Business Model has not yet evolved to meet today’s realities ‘ the ad supported
television model is based on a captive audience trapped in linear time ‘ but
today viewers are liberated with extraordinary options that empower individual
control and increasingly asynchronous viewing.
Where do you see
media research moving in 5 years?

Petretti: Analytics,
Data Science and Data Visualization continue to become increasingly important
disciplines for media researchers ‘ we need to incorporate core competencies
from each to meet the demands of the new media world today and beyond.

Meet the Powerful Women Driving the Future of Customer Insights

TMRE: The Market Research Event and OmniShopper have some
exciting news to share’
Not only is TMRE partnering with WiRE (Women in Research)
for the first annual TMRE/WiRE Women in Research Award to celebrate some true
rock-star researchers, but we’re happy to share a preliminary list of powerful
women in insights confirmed to take the stage at both the TMRE and OmniShopper 2017
events.

Check out the inspiring women speaking at TMRE 2017:


??        
Dawn Cunningham, Chief Insights Officer, 3M
??        
Amber Case, Cyborg Anthropologist, Author, Calm
Technology
??        
Cole Nussbaum Knaffic, Founder, Storytelling
with Data
??        
Kristin Luck, Founder, WiRE: Women in Research
??        
Marina Kosten, VP Research – International
Theatrical, 20th Century Fox
??        
Elizabeth Merrick May, Head of Customer
Insights, Nest
??        
Christina Jenkins, Director, Global Business
Marketing, North America, Twitter
??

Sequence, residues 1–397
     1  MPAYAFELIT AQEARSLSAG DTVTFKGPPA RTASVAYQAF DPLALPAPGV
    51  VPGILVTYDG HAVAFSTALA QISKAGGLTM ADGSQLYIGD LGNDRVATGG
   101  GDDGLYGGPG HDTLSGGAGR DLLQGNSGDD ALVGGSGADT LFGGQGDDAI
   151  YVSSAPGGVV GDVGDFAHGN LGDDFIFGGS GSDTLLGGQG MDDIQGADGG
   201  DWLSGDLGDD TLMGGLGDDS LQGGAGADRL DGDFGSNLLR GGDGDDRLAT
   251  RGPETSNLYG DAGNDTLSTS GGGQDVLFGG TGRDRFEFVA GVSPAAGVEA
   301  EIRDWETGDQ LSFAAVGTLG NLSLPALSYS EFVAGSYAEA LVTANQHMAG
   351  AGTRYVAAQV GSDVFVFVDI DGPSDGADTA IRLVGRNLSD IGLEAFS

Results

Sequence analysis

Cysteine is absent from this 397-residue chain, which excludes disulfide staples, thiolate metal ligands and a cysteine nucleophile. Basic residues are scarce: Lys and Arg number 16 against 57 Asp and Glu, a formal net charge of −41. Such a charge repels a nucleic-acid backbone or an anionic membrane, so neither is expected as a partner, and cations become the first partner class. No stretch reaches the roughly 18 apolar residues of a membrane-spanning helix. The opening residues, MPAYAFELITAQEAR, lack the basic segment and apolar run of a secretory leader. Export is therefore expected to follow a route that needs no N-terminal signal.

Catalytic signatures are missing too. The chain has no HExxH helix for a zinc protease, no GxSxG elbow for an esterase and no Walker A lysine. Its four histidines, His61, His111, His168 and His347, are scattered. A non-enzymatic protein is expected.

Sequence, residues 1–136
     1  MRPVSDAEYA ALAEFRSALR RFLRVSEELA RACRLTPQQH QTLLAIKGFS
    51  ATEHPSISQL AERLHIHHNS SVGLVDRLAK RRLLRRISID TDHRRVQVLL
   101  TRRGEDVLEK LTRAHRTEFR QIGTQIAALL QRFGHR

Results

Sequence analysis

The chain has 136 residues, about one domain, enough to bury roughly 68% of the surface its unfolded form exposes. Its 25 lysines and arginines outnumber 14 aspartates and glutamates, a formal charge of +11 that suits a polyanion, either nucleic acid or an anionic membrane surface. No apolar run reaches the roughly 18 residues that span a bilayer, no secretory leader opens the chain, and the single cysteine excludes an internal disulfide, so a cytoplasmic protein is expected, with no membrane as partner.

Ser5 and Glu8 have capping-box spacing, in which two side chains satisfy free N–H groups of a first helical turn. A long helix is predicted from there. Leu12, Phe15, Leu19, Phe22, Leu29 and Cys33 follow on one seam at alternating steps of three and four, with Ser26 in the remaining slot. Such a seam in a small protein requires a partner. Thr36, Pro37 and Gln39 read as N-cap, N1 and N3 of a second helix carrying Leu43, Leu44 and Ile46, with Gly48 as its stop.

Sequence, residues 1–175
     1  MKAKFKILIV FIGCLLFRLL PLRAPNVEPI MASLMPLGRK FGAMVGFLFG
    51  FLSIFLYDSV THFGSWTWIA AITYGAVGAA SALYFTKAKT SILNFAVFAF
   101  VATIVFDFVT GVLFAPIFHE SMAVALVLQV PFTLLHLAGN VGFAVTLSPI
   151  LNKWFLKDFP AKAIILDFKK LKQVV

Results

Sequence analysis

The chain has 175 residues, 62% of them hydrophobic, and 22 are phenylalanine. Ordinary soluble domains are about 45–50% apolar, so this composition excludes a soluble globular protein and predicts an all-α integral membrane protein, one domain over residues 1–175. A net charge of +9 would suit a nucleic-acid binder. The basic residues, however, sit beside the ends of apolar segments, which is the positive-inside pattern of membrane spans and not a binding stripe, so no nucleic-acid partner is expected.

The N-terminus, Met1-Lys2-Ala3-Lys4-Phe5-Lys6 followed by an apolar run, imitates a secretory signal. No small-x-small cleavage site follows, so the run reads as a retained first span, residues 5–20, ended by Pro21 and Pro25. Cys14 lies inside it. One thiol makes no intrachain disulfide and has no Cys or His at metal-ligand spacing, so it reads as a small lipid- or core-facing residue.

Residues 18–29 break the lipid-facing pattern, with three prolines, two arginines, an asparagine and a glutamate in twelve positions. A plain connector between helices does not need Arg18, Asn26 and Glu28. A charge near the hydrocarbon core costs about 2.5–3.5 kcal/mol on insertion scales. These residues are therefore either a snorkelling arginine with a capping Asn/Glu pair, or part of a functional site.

Anna Fieler, Chief Marketing Officer, Popsugar
??        
Lisa Courtade, Head of Market Research, Merck
??        
Judy Melanson, SVP, Travel & Entertainment,
Chadwick Martin Bailey
??        
Amanda Hill, Chief Marketing Officer, A+E
Networks
??        
Margo Arton, Director of Ad Effectiveness
Research, Buzzfeed
??        
Lauren Zweifler, Senior Vice President
,Strategic Insights & Research, NBCUniversal
??        
Terrae Schroeder, Senior Director, Wholesome
& Shopper Insights, NA Snacks, Kellogg
??        
Theresa Pepe, VP of Research, Viacom
??        
Sarita Bhagwat, Vice President, Market
Intelligence, Fidelity Investments
??        
Julie Brown, President, The Center for Strategy
Research
??        
Lori Tarabeck, Global Market Insights, Abbott
Diabetes Care
??        
Renata Polcicio, Vice President, Fan and Media
Intelligence, International, Global Markets, ESPN
??        
Jennifer Avery, Director, Consumer Insights,
Universal Orlando Resort
??        
Sara Fahim, Senior Research & Innovation
Consultant, Seek Company
??        
Tiffany Sanders, Business Intelligence &
Research, CBS
??        
Emily Akinson, Insights & Planning, Consumer
& Market Insights, Kellogg
??        
Mary Beth Jowers, Consumer Insights Lead for
North, Central and Eastern Europe, Gruppo Campari
??        
Stephanie Cunningham, Senior Manager, Customer
Insights & Analytics, eBay
??        
Lina Roncancio, Insights & Innovation
Director, Discovery Communications Latin America
??        
Michelle Gansle, Director, Consumer & Market
Insights, Wm. Wrigley Jr. Company